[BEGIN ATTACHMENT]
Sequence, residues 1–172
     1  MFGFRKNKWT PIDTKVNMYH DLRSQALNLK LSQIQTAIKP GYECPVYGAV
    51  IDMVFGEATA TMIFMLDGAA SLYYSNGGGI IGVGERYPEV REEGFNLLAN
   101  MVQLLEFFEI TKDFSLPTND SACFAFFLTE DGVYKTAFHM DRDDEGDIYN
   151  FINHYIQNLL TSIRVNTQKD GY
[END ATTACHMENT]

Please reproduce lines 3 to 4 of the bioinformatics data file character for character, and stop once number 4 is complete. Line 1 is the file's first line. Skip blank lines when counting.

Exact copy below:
    51  IDMVFGEATA TMIFMLDGAA SLYYSNGGGI IGVGERYPEV REEGFNLLAN
   101  MVQLLEFFEI TKDFSLPTND SACFAFFLTE DGVYKTAFHM DRDDEGDIYN